Adolescence is a critical age. It is the age when a child may very well develop health habits that will follow him or her into adulthood – both good and bad habits. The most prominent “bad habit” being weight gain. Adolescence is when the human body starts to embrace its natural adult form, and the transition can be a very sensitive time. During the teenage-to-adulthood stage of transformation, the female body’s femininity and the male body’s masculinity starts to show. Teenagers become sensitive to their body changes and compare their differences to their peers’.
Obesity in America is one of the leading causes of teenage insecurity. Their dissatisfaction with their body weight may lead to depressive episodes that make it difficult to manage the challenges they face. Motivating a teenager to lose weight can seem like rocket science. In order to provide the most effective approaches to beginning a weight loss routine for a teenager, experts at Obesity Prevention Foundation of America filtered a list of the most compelling strategies.
Be Committed to the Future Success of Your Child’s Weight Loss
There are few things more upsetting to a teenager than a weight problem that he or she cannot manage. Your involvement as a parent in helping them find a manageable weight loss routine is more important than you may realize.
To help navigate these murky waters, here are some tactics that you may find helpful::
1. Determine your Child’s BMI (Body Mass Index)
The Body Mass Index uses the weight and height of an individual to determine their body fat percentage. You can either use an online BMI Calculator or consult with your family physician. BMI results are useful in drawing a comparison to the BMI data of other teenagers in the same age group. The BMI analysis data will tell you whether your teenager is overweight or clinically obese. If it is determined that your teenager is obese, you should have a discussion with your family doctor about appropriate weight goals for your child..
A consultation is important because not all obese teenagers will be told they need to lose weight, as BMI evaluations can be mislead by rapid growth spurts in children. Their bodies are still growing and changing. Sometimes, simply adopting healthier eating habits can help them become more fit as they grow taller.
2. Take a Consultative Approach Rather than a Direct Approach in Addressing the Weight Problem
No teenager wants to be told that they are overweight or obese. As a parent, you have to gently, respectfully initiate the conversation with your child. Let them feel like they are a part of the weight loss decision-making process. Sit down with them and ask questions. Ask them how they feel about their current weight. Having a mature conversation about the issue can trigger an on-going dialogue between the two of you.
If the teenager does not want to have the conversation, take a step back. Don’t get upset with them or push back too hard. You may feel defeated, but your efforts probably won’t go unnoticed. The next time you bring up the subject of weight (cautiously), you may get a more responsive outcome.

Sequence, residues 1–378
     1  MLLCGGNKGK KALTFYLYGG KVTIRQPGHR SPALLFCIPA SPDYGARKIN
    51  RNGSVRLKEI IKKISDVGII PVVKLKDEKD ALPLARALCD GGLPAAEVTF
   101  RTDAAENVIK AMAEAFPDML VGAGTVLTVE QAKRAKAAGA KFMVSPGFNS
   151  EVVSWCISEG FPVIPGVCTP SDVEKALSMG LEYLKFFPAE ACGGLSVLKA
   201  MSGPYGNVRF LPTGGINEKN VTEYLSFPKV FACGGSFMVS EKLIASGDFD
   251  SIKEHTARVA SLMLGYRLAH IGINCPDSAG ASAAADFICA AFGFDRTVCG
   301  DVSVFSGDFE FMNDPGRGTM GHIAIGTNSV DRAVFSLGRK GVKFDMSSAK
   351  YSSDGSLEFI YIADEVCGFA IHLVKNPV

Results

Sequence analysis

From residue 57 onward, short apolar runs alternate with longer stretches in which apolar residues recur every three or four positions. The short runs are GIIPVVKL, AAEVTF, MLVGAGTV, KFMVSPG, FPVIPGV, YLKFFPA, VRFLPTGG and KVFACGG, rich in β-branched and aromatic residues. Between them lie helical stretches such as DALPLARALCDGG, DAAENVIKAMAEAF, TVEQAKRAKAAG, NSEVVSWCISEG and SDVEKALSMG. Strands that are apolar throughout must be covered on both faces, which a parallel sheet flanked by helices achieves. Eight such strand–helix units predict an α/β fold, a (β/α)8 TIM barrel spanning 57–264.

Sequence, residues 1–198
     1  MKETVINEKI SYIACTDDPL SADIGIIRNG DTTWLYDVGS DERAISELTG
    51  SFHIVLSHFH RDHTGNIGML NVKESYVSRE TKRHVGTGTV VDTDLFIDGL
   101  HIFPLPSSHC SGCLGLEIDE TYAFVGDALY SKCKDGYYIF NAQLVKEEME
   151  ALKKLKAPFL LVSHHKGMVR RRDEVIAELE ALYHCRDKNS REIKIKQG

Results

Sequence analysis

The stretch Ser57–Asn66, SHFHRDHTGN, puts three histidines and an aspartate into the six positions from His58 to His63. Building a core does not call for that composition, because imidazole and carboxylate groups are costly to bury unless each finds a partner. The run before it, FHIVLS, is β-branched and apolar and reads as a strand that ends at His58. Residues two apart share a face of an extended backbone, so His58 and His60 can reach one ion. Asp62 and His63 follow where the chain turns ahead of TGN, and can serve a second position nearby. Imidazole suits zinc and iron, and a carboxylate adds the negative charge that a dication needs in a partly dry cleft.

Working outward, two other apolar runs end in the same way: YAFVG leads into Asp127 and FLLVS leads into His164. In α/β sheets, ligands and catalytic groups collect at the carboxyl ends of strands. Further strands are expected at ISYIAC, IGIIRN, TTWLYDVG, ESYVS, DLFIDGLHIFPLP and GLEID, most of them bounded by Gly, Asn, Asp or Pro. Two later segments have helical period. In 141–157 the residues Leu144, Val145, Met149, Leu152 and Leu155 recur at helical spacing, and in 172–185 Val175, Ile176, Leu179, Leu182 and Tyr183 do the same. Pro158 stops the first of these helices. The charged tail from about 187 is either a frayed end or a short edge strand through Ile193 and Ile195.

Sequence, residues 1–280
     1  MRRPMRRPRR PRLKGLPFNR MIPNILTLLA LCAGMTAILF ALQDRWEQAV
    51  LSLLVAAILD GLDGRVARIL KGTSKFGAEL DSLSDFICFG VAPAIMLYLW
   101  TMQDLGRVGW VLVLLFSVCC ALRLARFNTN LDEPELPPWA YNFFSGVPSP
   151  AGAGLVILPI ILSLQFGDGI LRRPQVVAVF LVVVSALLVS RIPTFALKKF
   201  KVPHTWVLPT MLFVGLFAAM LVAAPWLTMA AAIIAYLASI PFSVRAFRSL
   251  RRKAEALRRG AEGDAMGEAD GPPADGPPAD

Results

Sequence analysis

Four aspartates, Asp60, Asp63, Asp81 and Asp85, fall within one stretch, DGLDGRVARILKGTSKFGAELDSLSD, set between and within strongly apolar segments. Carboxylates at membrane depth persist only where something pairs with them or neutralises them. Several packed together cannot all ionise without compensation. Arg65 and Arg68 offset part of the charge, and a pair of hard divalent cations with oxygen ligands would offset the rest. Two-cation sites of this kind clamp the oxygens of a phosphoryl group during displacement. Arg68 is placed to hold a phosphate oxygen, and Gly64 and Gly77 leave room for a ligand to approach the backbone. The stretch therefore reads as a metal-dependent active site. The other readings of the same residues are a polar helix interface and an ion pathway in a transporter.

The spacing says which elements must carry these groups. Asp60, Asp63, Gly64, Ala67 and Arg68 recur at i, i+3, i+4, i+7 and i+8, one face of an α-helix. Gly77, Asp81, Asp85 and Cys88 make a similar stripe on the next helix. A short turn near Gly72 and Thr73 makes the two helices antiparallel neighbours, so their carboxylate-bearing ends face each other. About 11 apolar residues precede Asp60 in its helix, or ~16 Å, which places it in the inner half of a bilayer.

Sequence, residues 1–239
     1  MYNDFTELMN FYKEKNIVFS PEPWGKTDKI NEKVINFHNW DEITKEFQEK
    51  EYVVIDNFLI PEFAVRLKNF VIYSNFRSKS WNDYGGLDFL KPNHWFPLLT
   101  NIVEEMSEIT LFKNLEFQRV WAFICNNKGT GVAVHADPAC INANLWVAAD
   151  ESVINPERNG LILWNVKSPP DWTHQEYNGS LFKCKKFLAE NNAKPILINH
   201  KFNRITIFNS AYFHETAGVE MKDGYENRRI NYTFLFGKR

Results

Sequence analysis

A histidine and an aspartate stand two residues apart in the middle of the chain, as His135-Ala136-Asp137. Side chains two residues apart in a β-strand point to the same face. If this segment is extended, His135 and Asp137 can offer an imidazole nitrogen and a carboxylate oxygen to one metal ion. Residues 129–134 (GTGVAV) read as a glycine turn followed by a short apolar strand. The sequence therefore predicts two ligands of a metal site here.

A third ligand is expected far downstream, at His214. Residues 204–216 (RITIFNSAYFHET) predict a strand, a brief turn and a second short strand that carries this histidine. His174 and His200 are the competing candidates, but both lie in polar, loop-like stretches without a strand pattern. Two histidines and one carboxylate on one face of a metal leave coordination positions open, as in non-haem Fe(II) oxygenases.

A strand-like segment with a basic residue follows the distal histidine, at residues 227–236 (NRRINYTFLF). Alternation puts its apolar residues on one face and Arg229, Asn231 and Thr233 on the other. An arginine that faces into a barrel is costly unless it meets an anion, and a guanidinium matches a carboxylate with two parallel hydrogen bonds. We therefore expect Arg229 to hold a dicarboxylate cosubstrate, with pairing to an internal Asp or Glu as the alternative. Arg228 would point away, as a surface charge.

3. Take off the Sheriff’s Badge
Though it may sometimes seem that your child is disrespectful or inconsiderate of your opinions, you have more influence than you may realize. Do not force decisions on them. Be vigilant and encouraging and give your child time to embrace the idea of a healthier lifestyle.
4. Share your Struggles
Share with your teenager any weight struggles you may have faced and overcome. Let them know that you understand how harmful habits can sometimes seem impossible to break. Talk to them about the discipline it took to choose carrots over potato chips Share with them how it got easier to make healthy choices as you practiced making them, and how rewarding it was to look and feel better as a result of your healthy choices. Hearing that you also struggled, but eventually learned healthier habits, may make them want to learn from you.
5. Encourage Healthy Life Changes
Often, the first step to a healthier lifestyle is a change of diet. Sometimes it’s not so much the quantity of food that leads to obesity but the quality. Shifting to healthier foods can significantly boost your child’s health. Sleep and exercise are also important for achieving and maintaining a healthy lifestyle. Eating healthy food, getting enough sleep, and getting enough exercise will not only lead to a healthy weight, but can also decrease stress and ward off depression.
Dealing with obese teenagers can be tricky. However, once you understand them, you will realize that they are not as challenging as you might have thought. They want to be treated like adults because they perceive themselves as adults. Giving them an adult platform will enable you, as a parent, to work with them towards their goals.
Your supportive parenting will play an enormous role in the health of your children.